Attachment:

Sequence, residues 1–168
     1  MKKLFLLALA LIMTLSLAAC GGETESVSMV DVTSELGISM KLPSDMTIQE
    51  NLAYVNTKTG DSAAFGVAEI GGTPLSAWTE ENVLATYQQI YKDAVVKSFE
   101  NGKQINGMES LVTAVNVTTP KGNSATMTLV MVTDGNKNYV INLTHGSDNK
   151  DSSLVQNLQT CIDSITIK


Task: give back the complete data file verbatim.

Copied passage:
Sequence, residues 1–168
     1  MKKLFLLALA LIMTLSLAAC GGETESVSMV DVTSELGISM KLPSDMTIQE
    51  NLAYVNTKTG DSAAFGVAEI GGTPLSAWTE ENVLATYQQI YKDAVVKSFE
   101  NGKQINGMES LVTAVNVTTP KGNSATMTLV MVTDGNKNYV INLTHGSDNK
   151  DSSLVQNLQT CIDSITIK